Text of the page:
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Drinking water from a well in Uganda. (Photo: USAID/flickr/cc)

People's Water Summit: Women and Girls "Bear Brunt" of Global Crisis

The World Water Day event is being billed as an alternative "People's Summit" to the invite-only White House summit also taking place Tuesday

Deirdre Fulton

As a new report shows an estimated 650 million of the world's poorest people still lack access to water that is safe to consume and 2.5 billion people lack basic sanitation, warriors from the frontlines of this global crisis—many of them women and girls—are gathering in New York on Tuesday to affirm that water is a human right.

The World Water Day event is being billed as an alternative "People's Summit" to the invite-only White House Water Summit also taking place Tuesday, and will "ensure the voices of those directly impacted and working on the ground as advocates on the human rights to water and sanitation are heard," according to organizers. Scheduled to coincide with the the 60th Session of the United Nations Commission on the Status of Women, sponsors of the panel include Food & Water Watch, the U.S. Human Rights Network (USHRN), Alabama Center for Rural Enterprise, and WaterAid.

The latter group, an international non-profit headquartered in New York, released a report Tuesday entitled, Water: At What Cost? The State of the World's Water 2016. It finds that in 16 countries, more than 40 percent of the population does not even have access to a basic water facility like a protected well.

In turn, "[p]eople from impoverished, marginalized communities have no choice but to collect dirty water from open ponds and rivers," the report reads, "or spend large chunks of their income buying water from vendors"—in some cases, more than half their family's daily income.

"The price paid by these communities—in wasted income, ill-health, and lost productivity—is extremely high, and has a devastating impact from the family to the national level," WaterAid declares.

"Women and girls in many cases bear the brunt of this global water and sanitation crisis," the USHRN said in a call-to-action. "It often falls to them to collect water from further and further away, or to provide care to family members who fall ill from poor water or sanitation conditions. Open [defecation] can increase risks of sexual violence. Inability to manage menstruation with dignity can create barriers to education or to work. Water shut-offs also place mothers at risk of losing custody of their children, and contaminated water has particularly serious risks for pregnant and nursing women."

But as the drinking water crises in Flint, Michigan and beyond have acutely shown, these concerns are not limited to developing nations.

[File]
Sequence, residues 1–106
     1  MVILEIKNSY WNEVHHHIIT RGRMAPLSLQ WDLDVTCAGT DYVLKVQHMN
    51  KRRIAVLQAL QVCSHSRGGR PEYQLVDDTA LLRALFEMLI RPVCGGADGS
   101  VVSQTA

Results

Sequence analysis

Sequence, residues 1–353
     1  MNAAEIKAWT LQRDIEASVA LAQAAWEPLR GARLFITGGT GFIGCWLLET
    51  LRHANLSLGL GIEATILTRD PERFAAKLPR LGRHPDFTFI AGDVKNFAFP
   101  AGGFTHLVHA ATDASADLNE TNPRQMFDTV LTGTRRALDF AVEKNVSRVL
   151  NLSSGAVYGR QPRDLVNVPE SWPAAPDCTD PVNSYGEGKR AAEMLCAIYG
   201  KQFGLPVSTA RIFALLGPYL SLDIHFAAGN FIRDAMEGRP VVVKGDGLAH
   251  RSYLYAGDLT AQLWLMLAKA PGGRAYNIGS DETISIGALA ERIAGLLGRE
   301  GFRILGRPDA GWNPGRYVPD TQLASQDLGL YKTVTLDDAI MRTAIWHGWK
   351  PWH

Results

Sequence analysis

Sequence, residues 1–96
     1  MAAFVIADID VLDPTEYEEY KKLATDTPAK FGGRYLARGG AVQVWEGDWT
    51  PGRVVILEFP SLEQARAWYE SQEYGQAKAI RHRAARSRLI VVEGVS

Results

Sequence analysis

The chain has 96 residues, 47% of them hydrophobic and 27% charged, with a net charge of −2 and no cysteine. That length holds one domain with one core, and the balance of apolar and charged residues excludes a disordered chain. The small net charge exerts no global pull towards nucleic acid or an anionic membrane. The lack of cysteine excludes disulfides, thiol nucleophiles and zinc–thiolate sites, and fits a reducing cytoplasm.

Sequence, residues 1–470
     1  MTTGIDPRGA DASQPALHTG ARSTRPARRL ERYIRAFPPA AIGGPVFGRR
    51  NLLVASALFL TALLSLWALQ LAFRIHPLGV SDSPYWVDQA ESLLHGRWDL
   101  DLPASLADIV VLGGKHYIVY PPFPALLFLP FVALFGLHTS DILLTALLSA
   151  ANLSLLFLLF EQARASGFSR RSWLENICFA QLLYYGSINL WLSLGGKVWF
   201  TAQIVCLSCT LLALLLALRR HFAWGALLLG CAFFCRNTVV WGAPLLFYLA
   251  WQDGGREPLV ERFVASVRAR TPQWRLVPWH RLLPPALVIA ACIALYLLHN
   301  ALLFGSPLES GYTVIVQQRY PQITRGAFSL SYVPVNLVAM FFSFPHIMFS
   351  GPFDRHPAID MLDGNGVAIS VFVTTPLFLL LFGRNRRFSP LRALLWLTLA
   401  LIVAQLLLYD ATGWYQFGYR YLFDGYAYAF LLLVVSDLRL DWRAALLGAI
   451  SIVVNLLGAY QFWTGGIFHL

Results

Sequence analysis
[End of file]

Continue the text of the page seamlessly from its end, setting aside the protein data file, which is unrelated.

The USHRN statement continues: "The global North as well as the global South is being impacted by deprivation of these rights—high water rates and growing poverty, leads to water cut-offs and the criminalization of people, especially women, due to lack of access to water and sanitation."

As Amanda Hooper, deputy director of engagement and mobilization for the National Women's Law Center, wrote earlier this year, "the Flint water crisis is undeniably a feminist issue."

With 42 percent of Flint residents living below the poverty line—and data showing that women of color, single mothers, and elderly women living alone are disproportionately poor—"Low-income women of color, as well as undocumented immigrants, and their families are the ones who are hardest hit by this crisis," Hooper said at the time.

To that end, Flint representatives will be present for the People's Summit in New York, while organizers and advocates with Michigan's People's Water Board are also holding a rally and lobby day at the Michigan state legislature on Tuesday morning to encourage state lawmakers to pass a collection of bills known as the Water is a Human Right Bill Package (pdf). Among other things, the bills in the package would institute water shut-off protections for some residents; enact a water rate structure based on household income; and increase transparency on the part of water providers.

"Water shut-offs have severe economic consequences for women, particularly those who are head of household," said Sylvia Orduño of the Michigan Welfare Rights Organization. "Women are more likely to be caretakers of children so lack of water access has a greater impact. Single-female headed households that are no longer eligible for government assistance for needy children are disproportionately impacted by residential water shut-offs and unaffordable water bills."

For more on the scope of the crisis in the U.S., USHRN has created the following infographic:

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